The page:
The Algebra of Fiction

For Douglas Glover

“Every story is an algebraic equation,” said the professor in turtleneck and tweed sport coat. “A wants B but can’t get it because of C.” I know he’s right, of course. It doesn’t much matter who or what B is. Or how C has inhibited A’s ability to get B. Suffice it to say that for every A, it follows that a B will come along sooner or later and capture A’s attention, thus driving A’s desire. And for every B, there will always be a C that wiggles in between A and his B. Once A understands and accepts that the only route to B is through or over C, he will begin to devise a plan, perhaps enlisting or employing D to help him overcome C in his effort to attain B. A and D will then conduct themselves according to the laws of E in the place known as F, whose climate is usually G, but on this particular day, it happens that the atmospheric conditions, and indeed the pervasive mood of F are surprisingly H, which will cause A to remark, “I,” leaving D feeling unappreciated, at which point D will abandon A, saying, “You’re on your own, buddy.” Still determined, A will set forth on this H day in F-land on his own, vowing to attain B, with or without D’s help. Naturally, A will stumble upon J at this point and believe that maybe this is it; maybe B is finally within reach now that J is in A’s life. But J has a little K, a complication for which A had not bargained. A red flag, A wonders momentarily, but little K is adorable, calls A “Uncle A,” so ever the optimist, A talks himself out of his fear. That is, until it becomes clear that J’s K is more than a bit L and requires a great deal of M, not to mention the fact that J’s N is also a factor—a variable A had not even considered a potential red flag initially, but now that A sees how J’s N leads her to behave rather O-ly, A feels decidedly P and Q. At this point, A begins to wonder if B was just a pipe dream all along, if maybe he’s been deluding himself all this time. Still determined to stick it out, A refuses to leave J and K simply because he is feeling so full of R. But then one night, when A, J, and K are vacationing together down in S, J slips out of their motel room when she thinks A is sleeping. A lies awake for hours, watching the clock, listening to little K breathe innocently, and counting the waves that slap the shore outside his motel window. A is certain J is downstairs at the Tikki Bar, flirting with every T, U, and V who finds her ravishing, buys her a Piña Colada, and makes her laugh. By the time J returns to the room, K is crying. And so is A. J’s hair is tussled, her shirt untucked, and she reeks of another man’s W. A flies into a rage. Or maybe he doesn’t. Almost certainly, though, before A walks out the door, he says emphatically, “X!” Then A probably kisses little K goodbye and tries to reassure her, wiping away her Y’s, though he knows he cannot really comfort her because there will most likely be an endless parade of “Uncle A’s” in K’s life, all of whom will be unsuccessfully seeking B inside her mother’s panties. As the action of our story collapses, A will finally accept that even if B does exist, it simply ain’t worth dealing with all the C’s obstructing it. Rather than feeling devastated by this realization, however, our hero feels surprisingly light after having finally surrendered the search for the unattainable B. This discovery, of course, is his Z—the only thing A really needed in the first place. Naturally, A would never have discovered this had he not followed the labyrinth of variables that led him here. Having finally found Z, A feels as weightless as a Bodhisattva levitating over his own body.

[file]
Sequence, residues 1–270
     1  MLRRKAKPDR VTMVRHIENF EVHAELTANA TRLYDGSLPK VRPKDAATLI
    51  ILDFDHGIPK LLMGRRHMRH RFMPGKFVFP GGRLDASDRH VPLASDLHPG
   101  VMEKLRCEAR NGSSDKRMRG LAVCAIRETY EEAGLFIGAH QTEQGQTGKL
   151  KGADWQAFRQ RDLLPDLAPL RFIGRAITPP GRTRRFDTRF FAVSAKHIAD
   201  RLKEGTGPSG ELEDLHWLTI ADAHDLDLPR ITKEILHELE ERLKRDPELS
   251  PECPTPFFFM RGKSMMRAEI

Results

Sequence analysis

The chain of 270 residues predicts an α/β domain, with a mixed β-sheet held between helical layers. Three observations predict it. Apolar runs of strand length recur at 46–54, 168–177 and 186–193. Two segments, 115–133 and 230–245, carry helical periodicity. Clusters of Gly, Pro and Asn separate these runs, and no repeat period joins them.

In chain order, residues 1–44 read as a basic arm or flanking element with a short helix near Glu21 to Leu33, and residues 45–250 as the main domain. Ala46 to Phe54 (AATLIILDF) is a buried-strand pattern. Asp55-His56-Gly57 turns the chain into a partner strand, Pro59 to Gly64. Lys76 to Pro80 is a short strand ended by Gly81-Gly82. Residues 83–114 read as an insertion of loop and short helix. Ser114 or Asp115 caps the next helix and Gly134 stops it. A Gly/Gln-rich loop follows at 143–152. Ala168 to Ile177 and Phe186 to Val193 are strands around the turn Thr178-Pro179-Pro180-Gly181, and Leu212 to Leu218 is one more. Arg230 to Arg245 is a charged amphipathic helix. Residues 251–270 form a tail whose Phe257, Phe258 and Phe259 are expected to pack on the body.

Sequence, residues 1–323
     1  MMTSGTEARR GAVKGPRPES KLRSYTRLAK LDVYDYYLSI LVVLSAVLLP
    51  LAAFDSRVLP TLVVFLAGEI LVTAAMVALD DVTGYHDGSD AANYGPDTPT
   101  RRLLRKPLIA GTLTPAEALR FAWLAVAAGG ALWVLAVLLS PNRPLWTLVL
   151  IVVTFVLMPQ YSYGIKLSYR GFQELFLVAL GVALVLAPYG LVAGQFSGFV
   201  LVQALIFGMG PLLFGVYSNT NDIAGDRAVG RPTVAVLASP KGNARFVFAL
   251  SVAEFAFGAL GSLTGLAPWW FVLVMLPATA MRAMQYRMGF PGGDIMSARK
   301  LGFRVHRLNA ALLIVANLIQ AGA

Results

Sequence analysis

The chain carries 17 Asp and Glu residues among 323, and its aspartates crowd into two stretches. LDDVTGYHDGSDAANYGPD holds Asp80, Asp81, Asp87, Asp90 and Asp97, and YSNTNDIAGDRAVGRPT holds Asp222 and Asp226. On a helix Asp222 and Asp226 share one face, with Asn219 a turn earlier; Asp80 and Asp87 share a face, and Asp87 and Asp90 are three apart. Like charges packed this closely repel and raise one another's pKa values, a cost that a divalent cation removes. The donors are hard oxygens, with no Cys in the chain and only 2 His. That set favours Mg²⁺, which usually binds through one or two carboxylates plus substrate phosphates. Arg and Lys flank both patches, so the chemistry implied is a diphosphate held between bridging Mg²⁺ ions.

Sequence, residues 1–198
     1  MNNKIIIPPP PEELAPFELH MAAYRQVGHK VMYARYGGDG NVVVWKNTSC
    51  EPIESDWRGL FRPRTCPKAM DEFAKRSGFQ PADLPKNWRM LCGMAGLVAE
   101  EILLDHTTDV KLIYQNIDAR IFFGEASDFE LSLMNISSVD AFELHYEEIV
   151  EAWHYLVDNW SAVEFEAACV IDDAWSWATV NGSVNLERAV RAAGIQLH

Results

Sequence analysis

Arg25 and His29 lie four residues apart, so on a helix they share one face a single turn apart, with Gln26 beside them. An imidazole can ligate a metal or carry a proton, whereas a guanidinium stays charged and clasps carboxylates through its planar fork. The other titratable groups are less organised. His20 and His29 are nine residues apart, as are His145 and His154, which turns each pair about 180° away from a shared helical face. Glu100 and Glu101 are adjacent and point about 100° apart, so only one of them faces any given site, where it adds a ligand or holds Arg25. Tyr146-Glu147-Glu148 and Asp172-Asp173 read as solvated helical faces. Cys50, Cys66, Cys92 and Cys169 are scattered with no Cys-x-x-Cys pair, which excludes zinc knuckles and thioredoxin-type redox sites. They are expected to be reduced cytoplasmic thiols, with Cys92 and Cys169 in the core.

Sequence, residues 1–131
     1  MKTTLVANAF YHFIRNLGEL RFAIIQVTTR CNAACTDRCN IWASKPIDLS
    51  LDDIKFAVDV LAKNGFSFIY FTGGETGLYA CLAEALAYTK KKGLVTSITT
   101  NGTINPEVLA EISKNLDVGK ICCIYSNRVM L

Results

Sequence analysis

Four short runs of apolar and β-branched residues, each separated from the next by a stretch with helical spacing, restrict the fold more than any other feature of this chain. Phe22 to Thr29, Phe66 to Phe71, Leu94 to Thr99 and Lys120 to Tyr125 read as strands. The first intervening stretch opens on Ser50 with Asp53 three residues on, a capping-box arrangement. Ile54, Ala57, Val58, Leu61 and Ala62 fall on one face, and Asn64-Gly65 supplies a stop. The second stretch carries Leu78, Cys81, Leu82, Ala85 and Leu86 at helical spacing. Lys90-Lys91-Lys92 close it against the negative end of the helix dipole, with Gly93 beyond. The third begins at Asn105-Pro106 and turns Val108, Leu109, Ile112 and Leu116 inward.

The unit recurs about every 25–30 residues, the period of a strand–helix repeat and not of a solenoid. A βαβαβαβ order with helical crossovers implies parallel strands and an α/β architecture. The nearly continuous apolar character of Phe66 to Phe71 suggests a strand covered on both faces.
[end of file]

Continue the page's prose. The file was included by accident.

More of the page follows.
As for me, now that I’ve dropped my motel key into a beachside trash can, I have nothing left in my pockets, and I am wearing no shirt, no shoes, no anything except the baggy shorts covering my hairy, pimpled ass, and I have nowhere to go, so I’m walking south on the boardwalk, alongside the eternal sea. The sun is rising, and I’ve decided I’m going to walk until I reach the end of the earth. Then I’m going to dive off the pier and swim to the Keys, where all I’ll need to keep my dreams of B at bay is the sighing of the sea, offering me its stern reminder that every chase intended to yield B will only lead me back to what I already know, to what I have known a long time, to what I should have always known—that the only variable that solves every equation is Z. Thank you, Professor Turtleneck and Tweed for teaching me exactly what I did not want to know. You bastard.

Contributor

Mark Maxwell

MARK MAXWELL'S first novel Nixoncarver was published by St. Martin's Press in 1998.

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